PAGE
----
25. Stop Vibrations within 300’ of Trench 300’

    26. Superimposed Loads • Add weight & stress to trench • Examples • Spoil pile • Heavy equipment • Work materials (cable, vaults, pipe) • People

    27. Superimposed Load

    28. Surface Encumbrances • Other structures whose support relies on the soil at or near the trench • Examples • Roadways • Utility poles • Foundations

    29. Wet Soils/Submerged Soils • Added weight • Loss of friction • Movement of water carrying soil • Standing water undermining trench walls

    30. Exposure to Elements • Time - longer trench is open the more unstable it will be • Sun and wind • Freezing / Thawing

    31. Previously disturbed soils are common due to trenches being located in easementsExcavation within last 25 years makes soil previously disturbed

    32. Buried Utilities • Must be located • Often requires time-consuming hand digging • Common problem since most trenches are located in easements • OSHA requires that all utilities or other structures exposed in trenches be properly supported.

    33. Call 811 Two working days before you dig

    34. Secondary Collapses • Walls are undermined from initial collapse • Walls are often left more unstable than before initial collapse • Often occur while “quick” rescue attempt is being made

    35. Speed of Collapsing Dirt • Often less than 1/10 of a second • Normal escape methods ineffective • Being pulled out with a rope • Running out

    36. Rescues are Usually Long Operations • Commonly last 4-10 hours • Victims must be completely uncovered before removed • Often frozen in position • Limbs commonly bent at odd angles • Fractures are common

    37. Contractors Often Ignore OSHA Limits • OSHA only provides regulations for trenches up to 20’ deep; deeper requires special engineering • Contractors who have ignored safety requirements may have also ignored the 20’ limit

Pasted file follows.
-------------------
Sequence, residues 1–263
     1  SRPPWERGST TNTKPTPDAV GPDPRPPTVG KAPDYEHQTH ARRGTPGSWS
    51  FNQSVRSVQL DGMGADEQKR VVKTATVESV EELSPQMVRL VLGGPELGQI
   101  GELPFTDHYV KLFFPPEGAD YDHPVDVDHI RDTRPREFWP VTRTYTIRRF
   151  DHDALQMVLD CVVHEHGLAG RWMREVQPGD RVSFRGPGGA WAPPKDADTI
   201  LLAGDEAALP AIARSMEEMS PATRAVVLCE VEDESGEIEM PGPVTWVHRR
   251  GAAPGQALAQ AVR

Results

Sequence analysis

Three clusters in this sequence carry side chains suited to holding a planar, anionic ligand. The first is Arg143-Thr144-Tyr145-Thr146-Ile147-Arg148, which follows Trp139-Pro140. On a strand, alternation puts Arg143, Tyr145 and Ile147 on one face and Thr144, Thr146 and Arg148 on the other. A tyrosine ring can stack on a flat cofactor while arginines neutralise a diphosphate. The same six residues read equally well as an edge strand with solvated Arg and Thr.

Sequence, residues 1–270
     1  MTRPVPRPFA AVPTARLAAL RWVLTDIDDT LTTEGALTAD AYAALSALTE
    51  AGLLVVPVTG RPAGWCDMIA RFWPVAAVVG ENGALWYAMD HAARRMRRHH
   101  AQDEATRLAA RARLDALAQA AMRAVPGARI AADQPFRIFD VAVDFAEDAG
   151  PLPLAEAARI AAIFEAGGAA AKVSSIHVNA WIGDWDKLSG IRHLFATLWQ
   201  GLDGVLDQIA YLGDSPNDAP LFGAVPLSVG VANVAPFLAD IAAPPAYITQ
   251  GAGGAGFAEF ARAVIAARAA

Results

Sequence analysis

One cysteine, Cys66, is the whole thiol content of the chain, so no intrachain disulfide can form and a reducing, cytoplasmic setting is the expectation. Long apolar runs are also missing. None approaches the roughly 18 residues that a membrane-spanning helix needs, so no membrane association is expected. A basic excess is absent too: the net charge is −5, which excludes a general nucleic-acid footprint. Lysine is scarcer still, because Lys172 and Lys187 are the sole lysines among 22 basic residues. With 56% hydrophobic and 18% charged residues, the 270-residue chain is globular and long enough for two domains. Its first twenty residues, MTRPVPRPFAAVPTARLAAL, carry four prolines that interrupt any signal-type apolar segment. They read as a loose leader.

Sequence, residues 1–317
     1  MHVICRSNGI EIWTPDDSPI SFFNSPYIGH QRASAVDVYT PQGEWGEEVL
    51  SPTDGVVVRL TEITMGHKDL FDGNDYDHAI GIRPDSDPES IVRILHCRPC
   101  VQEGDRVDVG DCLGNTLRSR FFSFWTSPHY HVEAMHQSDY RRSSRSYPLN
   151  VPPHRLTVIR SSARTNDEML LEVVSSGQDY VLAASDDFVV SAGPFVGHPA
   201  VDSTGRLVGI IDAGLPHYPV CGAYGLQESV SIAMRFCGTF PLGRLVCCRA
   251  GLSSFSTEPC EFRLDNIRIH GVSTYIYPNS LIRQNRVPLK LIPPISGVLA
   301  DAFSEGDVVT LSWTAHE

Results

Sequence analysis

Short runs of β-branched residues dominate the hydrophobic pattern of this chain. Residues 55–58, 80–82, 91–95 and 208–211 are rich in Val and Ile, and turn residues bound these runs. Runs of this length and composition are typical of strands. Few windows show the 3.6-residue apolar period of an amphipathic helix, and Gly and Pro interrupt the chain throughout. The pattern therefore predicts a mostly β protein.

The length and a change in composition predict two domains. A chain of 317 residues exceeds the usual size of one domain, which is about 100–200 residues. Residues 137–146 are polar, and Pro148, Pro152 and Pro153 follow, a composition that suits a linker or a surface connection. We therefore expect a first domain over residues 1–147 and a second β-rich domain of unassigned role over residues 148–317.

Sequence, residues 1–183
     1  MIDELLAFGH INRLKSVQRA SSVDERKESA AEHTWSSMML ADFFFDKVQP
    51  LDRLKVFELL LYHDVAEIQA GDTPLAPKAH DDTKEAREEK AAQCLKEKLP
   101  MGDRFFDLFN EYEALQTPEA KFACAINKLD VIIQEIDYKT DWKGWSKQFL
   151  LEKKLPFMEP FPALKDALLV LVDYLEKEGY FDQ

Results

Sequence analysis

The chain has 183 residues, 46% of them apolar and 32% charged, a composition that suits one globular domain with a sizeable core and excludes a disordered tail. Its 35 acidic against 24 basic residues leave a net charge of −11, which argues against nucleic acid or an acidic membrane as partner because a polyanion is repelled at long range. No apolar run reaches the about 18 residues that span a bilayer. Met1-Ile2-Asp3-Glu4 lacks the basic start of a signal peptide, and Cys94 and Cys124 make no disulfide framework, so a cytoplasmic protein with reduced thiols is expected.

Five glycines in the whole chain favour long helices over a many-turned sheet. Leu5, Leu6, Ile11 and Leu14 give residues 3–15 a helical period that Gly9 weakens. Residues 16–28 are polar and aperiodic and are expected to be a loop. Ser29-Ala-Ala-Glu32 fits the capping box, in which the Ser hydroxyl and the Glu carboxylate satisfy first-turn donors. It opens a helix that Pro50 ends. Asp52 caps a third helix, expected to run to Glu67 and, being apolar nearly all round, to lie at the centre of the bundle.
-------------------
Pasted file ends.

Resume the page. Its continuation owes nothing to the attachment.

38. Contractors often ignore OSHA limits Trench dug too deep with angle of repose too steep • OSHA only provides regulations for trenches up to 20’ deep; deeper requires special engineering • Contractors who have ignored safety requirements may have also ignored the 20’ limit

    39. Regulations

    40. State Level • Follow OSHA regulations 29 CFR 1926 Subpart P - Excavation • Must adopt equal or more stringent regulations

    41. Indiana • Is an OSHA State • Federal OSHA- Oversees State Program • IDOL governs state & municipal employees • Has adopted-by-reference Federal OSHA regulations • 29 CFR Part 1926 Failure to comply results in large fines

    42. Types of Worker Protective Systems • Sloping • Benching • Shielding • Shoring

    43. Determined by • Soil class • Work space required • Economic factors

    44. Methods • Sloping • For departments with no equipment. • Best for recovery, not rescue • Shielding • Shoring • Benching

    45. Sloping Principles • Laying back soil to its Angle of Repose • Requires opening a lot of land • Only option in some soils

    46. Sloping

    47. Benching

    48. Shielding Principles • Strong metal “boxes” designed to withhold the pressure of collapsing soil • Must be engineered for size trench & soil class • Must be level with or extend above lip of trench. • Must not be more than 2’ up off the bottom • Usually dragged down a trench - worker may be inside as long as no lifting is required

    49. Two basic types of shields • Steel, non-adjustable • Aluminum, adjustable Manual Hydraulic Pneumatic